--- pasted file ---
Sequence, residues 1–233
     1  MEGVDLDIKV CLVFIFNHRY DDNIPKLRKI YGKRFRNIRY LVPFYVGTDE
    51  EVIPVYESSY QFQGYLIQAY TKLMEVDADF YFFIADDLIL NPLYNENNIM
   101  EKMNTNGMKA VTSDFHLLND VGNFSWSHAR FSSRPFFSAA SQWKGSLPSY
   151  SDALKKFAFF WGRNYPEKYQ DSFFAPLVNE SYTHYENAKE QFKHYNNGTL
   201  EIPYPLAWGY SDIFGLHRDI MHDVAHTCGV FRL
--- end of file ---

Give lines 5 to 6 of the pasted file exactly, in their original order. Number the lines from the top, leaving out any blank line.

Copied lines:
   151  SDALKKFAFF WGRNYPEKYQ DSFFAPLVNE SYTHYENAKE QFKHYNNGTL
   201  EIPYPLAWGY SDIFGLHRDI MHDVAHTCGV FRL